As was announced yesterday on the IPKat and reported today by The 1709 Blog, this afternoon the final plenary meeting of the Licences for Europe initiative took place.
As this Kat could not attend in person, she asked a Katfriend in disguise to observe with his feline eyes what happened during the meeting and report back.
Writing under the pseudonym of Black Tomcat, he summed up this high-profile - and certainly much awaited - event calling it a "failure ... feeding into future review".
Here's what 'Black Tomcat' writes:
"With today’s plenary meeting on ‘Licences for Europe’ the stakeholder dialogue initiated almost a year ago came to an end. While it was not clear throughout the whole process what the outcome should eventually be, we now know that ten ‘pledges’ is the outcome that, because of controversy, could not be termed ‘agreement’, ‘understanding’ or even ‘result’.
Even before the official start of the plenary meeting the Commission boasted in its press release that "industry pledges solutions to make more content available in the Digital Single Market" [but - honestly - who could possibly declare (at least publicly) to want less content available?]. The vast majority of these pledges are nothing more but a nice sounding wish-list of things like "easier licensing for music", "further development of cross-border portability of subscription services" or "more active reader involvement in the online press". And what is important to highlight: it is quite right that ‘industry’ is making these pledges because they are exclusively made by rightsholder groups or by what one could term the wider copyright industry. In that sense, the stakeholder dialogue that was, at a minimum, set up for an exchange of views among all participants representing diverse communities and interests has clearly not delivered.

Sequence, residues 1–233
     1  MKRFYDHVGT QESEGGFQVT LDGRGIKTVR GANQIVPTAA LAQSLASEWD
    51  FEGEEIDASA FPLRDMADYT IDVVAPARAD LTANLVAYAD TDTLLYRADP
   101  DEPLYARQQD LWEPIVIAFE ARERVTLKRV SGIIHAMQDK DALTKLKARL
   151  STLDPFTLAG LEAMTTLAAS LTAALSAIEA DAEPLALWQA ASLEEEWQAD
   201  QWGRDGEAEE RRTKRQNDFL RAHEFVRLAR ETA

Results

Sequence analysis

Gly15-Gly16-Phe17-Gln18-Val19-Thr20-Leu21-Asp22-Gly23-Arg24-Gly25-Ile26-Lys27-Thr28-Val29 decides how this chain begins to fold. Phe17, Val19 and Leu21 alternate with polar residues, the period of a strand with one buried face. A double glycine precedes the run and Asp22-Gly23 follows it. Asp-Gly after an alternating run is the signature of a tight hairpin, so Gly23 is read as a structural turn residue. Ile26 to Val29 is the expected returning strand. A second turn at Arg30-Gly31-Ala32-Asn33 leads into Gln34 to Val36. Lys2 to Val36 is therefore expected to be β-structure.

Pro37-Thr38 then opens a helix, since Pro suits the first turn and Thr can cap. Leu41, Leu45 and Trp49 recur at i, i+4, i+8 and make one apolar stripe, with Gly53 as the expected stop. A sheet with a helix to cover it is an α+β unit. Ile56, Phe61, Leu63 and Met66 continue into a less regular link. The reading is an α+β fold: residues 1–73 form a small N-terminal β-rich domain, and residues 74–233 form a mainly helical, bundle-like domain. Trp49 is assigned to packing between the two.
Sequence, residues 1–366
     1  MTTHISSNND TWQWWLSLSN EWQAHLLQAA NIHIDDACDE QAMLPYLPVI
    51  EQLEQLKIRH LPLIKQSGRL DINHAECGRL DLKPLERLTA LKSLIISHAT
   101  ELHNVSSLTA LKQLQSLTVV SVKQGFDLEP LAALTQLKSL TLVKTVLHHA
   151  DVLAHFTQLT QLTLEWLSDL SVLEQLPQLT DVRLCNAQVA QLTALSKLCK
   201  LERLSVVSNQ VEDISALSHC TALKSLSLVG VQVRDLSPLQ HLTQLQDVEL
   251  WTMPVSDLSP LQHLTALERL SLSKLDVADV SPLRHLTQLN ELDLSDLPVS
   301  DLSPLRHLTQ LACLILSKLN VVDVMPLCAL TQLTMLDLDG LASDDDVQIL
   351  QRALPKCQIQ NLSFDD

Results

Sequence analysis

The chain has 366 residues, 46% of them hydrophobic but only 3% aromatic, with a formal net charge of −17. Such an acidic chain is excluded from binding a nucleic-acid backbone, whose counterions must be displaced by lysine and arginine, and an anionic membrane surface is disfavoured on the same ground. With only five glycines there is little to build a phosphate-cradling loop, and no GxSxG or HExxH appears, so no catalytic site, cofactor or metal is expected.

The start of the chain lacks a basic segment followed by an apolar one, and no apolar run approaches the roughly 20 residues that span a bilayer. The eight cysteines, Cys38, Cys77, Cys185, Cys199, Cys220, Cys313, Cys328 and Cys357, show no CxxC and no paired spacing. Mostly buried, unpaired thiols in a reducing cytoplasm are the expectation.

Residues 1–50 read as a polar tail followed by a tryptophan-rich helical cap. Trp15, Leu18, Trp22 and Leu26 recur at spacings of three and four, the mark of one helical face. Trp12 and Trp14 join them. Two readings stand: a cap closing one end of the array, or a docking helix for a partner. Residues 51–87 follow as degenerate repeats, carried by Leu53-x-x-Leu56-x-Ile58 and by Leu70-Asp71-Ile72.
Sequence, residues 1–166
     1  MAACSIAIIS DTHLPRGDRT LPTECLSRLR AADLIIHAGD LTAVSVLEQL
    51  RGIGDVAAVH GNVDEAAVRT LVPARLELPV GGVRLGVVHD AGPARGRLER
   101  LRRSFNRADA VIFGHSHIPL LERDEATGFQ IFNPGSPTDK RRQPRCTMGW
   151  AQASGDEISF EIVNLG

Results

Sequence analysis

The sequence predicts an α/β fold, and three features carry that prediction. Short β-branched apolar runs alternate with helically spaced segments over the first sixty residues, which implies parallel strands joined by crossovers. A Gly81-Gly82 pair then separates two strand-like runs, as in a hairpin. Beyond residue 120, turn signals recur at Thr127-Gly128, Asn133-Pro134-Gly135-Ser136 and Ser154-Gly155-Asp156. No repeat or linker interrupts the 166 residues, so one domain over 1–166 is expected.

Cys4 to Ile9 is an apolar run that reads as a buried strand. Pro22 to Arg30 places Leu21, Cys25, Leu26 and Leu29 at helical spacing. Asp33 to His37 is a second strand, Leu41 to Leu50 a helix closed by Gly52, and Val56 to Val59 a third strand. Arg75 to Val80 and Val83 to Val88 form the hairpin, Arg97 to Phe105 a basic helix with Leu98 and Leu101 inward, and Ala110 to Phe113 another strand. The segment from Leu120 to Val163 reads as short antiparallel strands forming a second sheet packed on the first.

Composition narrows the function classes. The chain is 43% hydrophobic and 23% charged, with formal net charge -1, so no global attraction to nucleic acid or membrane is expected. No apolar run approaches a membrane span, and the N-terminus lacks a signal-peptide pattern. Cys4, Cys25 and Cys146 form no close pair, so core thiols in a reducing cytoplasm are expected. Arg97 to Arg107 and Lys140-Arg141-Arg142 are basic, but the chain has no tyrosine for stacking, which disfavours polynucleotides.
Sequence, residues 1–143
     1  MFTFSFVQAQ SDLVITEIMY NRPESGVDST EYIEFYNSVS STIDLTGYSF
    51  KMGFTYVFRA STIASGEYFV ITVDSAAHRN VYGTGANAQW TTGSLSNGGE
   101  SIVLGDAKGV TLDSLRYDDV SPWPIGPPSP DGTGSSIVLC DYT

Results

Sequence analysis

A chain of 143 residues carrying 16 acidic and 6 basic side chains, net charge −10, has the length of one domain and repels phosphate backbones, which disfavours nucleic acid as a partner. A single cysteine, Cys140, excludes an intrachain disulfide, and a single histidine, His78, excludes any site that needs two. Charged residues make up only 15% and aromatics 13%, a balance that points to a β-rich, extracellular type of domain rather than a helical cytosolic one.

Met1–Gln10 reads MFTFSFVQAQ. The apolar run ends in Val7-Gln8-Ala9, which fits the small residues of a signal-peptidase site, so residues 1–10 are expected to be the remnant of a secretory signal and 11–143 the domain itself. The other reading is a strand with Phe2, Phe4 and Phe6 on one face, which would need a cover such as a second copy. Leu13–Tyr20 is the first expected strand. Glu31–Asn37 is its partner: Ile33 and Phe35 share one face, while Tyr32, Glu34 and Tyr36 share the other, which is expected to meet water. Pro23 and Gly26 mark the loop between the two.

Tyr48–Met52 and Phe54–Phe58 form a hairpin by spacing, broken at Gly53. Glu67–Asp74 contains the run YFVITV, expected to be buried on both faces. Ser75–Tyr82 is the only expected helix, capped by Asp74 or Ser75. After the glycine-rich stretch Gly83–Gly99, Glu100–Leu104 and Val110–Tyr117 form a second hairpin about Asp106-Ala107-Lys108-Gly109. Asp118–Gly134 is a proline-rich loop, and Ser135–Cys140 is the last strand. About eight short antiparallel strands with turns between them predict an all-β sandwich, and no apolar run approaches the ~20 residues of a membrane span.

|The 10 'pledges'|
There are reasons for this, pointed out at a very early stage by various participants who subsequently decided to leave the dialogue [see the case of text and data mining working group here]. If one wants to have a really serious debate about copyright reform, it is surely not helpful to set up a dialogue that artificially limits the debate to licensing solutions only. Licenses surely have their place in the copyright world but they are not isolated from important debates on limitations and exceptions or from legal questions on copyright applicability in the first place [this is a point that also this Kat raised recently, yet in the different context of whether linking falls within the scope of copyright protection altogether: see here]. These are points that the Commission knows full well and in that sense the licensing for Europe exercise represents a missed opportunity to debate our copyright regime from a macro perspective in acknowledgement of the fact that in a networked world legal regimes will increasingly stand in competition to each other. One gets the impression that, while Europe is stuck in debates on micro-licensing, other parts of the world have implemented or are contemplating to implement regimes that foster innovation, research and economic growth.
|Hopefully not the (bigger) picture |
the Commission has in mind
to reform EU copyright
Thanks so much 'Black Tomcat' for this report which is quite ... telling. So, what does the future of EU copyright hold (besides nice common sense-grounded pledges everybody agrees upon)? Basically that - while waiting
for a long time for any real reform of EU copyright at the
legislative level - we will keep enjoying the company of the ever active Court of
Justice of the European Union and its (ever growing) number of intriguing copyright judgments.
Licences for Europe: an insider's report from the final plenary meeting Reviewed by Eleonora Rosati on Wednesday, November 13, 2013 Rating: